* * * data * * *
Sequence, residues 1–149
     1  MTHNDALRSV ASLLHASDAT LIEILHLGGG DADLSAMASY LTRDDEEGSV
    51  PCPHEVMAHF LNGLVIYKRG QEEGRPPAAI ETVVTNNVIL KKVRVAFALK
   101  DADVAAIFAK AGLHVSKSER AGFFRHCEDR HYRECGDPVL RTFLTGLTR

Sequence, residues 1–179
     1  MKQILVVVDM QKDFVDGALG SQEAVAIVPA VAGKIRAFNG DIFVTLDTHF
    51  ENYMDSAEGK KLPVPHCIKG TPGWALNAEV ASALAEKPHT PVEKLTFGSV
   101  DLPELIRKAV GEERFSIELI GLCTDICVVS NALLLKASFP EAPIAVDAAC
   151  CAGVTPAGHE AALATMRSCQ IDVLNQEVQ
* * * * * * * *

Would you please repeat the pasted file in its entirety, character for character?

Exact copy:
Sequence, residues 1–149
     1  MTHNDALRSV ASLLHASDAT LIEILHLGGG DADLSAMASY LTRDDEEGSV
    51  PCPHEVMAHF LNGLVIYKRG QEEGRPPAAI ETVVTNNVIL KKVRVAFALK
   101  DADVAAIFAK AGLHVSKSER AGFFRHCEDR HYRECGDPVL RTFLTGLTR

Sequence, residues 1–179
     1  MKQILVVVDM QKDFVDGALG SQEAVAIVPA VAGKIRAFNG DIFVTLDTHF
    51  ENYMDSAEGK KLPVPHCIKG TPGWALNAEV ASALAEKPHT PVEKLTFGSV
   101  DLPELIRKAV GEERFSIELI GLCTDICVVS NALLLKASFP EAPIAVDAAC
   151  CAGVTPAGHE AALATMRSCQ IDVLNQEVQ